Governor Jerry Brown may take moguls’ money for his upcoming re-election campaign, but it looks like he’s not planning on handing out any more cash to keep production in California. Despite improvement in the state’s once-dire financial situation, there was no mention today of any increase to the state’s current $100 million Film and TV Tax Credit program in Brown’s budget proposal. In fact, with one minor example, there was no mention of film or television at all in the 271 pages of the Governor’s $154.9B 2014-15 budget. Education, the environment and healthcare all saw big increases in the proposal that leaked Wednesday but nothing for Hollywood. As well, citing that “wisdom and prudence should be the order of the day,” the fiscally tight-fisted Governor also plans on slashing the state’s long-term debt by $11 billion over the next year and putting $1.6 billion in a rainy day fund for a future possible downturn.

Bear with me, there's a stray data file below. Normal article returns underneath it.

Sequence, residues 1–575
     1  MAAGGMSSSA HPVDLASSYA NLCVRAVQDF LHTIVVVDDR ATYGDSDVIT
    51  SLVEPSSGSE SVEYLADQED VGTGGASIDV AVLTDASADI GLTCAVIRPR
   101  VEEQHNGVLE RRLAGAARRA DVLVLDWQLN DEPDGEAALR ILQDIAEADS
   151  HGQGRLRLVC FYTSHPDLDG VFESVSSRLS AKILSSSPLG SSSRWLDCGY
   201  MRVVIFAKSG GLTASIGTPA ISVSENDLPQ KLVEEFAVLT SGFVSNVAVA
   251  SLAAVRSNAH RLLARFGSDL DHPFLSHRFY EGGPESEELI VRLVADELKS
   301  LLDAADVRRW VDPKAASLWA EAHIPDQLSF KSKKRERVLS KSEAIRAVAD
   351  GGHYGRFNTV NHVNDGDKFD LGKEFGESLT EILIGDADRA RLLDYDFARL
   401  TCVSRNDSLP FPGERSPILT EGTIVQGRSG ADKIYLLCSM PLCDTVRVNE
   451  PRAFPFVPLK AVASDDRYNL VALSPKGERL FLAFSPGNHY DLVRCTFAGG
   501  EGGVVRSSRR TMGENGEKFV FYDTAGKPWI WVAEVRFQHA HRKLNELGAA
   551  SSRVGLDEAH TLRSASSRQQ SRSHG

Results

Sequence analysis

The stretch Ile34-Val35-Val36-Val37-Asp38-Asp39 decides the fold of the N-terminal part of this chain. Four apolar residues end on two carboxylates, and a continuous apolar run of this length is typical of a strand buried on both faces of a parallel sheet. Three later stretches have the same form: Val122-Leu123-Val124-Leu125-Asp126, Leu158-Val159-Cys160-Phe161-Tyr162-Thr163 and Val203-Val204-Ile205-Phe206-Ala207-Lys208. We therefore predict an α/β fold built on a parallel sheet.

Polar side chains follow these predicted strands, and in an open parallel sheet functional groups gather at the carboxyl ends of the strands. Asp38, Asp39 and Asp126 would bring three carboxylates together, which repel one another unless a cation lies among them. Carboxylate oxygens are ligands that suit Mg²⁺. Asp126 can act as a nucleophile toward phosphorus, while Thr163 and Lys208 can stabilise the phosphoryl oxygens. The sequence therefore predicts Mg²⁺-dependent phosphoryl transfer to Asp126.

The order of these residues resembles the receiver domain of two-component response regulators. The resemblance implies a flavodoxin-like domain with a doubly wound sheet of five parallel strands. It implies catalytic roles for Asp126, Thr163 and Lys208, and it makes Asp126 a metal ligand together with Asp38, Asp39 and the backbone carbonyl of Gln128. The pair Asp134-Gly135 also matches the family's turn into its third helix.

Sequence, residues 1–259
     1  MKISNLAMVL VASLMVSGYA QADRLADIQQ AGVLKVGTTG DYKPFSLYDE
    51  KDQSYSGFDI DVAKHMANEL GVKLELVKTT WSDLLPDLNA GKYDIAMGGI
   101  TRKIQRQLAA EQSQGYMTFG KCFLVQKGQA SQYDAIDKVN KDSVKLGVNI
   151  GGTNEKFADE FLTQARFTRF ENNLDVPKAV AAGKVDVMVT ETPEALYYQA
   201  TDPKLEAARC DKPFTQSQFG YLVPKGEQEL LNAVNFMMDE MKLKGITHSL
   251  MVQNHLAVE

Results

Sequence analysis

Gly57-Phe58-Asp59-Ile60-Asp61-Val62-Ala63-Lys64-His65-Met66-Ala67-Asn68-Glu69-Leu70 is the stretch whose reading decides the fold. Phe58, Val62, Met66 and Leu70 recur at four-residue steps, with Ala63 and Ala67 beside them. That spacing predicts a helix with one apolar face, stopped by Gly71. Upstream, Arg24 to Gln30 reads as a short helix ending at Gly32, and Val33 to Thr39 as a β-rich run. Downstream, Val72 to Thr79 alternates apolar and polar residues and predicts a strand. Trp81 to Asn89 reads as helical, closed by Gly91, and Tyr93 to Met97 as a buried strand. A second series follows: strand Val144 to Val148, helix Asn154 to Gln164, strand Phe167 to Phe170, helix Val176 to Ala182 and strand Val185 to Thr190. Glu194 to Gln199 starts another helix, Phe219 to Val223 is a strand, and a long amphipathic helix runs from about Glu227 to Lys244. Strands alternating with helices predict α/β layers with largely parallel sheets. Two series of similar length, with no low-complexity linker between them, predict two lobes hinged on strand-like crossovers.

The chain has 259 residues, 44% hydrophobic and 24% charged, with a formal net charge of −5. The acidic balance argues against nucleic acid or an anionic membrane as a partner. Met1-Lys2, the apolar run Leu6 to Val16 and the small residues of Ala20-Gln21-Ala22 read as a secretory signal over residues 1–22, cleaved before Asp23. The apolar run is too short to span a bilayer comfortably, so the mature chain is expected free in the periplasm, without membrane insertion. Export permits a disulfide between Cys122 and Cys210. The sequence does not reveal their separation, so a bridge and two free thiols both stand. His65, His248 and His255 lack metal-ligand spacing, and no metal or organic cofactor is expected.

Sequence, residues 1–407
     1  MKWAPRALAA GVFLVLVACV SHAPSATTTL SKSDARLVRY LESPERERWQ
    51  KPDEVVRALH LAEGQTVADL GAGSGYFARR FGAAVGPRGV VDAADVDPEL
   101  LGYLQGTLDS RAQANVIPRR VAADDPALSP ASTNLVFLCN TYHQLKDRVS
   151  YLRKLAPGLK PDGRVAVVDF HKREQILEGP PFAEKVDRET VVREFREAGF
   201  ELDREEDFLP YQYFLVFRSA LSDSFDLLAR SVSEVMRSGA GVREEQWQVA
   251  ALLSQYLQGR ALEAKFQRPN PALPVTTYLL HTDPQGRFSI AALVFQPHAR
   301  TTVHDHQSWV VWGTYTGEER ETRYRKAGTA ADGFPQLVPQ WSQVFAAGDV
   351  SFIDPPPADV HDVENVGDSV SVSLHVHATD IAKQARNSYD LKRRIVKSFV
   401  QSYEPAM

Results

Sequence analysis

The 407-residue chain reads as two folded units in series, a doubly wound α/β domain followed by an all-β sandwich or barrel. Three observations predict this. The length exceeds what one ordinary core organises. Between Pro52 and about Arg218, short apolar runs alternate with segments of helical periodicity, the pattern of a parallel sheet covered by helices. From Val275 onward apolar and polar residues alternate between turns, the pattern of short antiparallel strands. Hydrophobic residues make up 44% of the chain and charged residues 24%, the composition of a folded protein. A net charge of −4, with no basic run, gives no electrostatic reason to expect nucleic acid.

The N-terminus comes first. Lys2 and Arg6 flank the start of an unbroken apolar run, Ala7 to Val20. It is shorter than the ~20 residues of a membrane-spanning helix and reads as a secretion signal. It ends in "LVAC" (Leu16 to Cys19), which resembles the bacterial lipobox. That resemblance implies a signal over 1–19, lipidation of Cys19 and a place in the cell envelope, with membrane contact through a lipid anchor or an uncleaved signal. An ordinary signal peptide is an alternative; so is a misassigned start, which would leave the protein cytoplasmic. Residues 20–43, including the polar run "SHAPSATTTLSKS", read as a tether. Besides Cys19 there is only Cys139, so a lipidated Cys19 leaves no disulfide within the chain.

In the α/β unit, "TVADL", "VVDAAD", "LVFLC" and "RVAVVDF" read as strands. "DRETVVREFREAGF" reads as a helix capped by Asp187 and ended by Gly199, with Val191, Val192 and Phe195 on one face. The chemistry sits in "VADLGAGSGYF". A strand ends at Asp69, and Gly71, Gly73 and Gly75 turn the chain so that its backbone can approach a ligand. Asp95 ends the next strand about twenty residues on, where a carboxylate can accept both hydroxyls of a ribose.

The Governor’s budget proposal kicks off an approximately six-month process in the state legislature as the Assembly and Senate. Much of those negotiations will occur during what is an undeclared but almost certain reelection campaign by Brown. Despite the Governor’s silence on the Film and TV tax incentives today, it is widely presumed that the program will see an increase by the time a final budget is put together, passed and sent to Brown’s desk for him to sign. Brown signed the last two-year extension to the production incentive program on September 30, 2012, the last day possible. The program is set to expire later this year and end in 2017.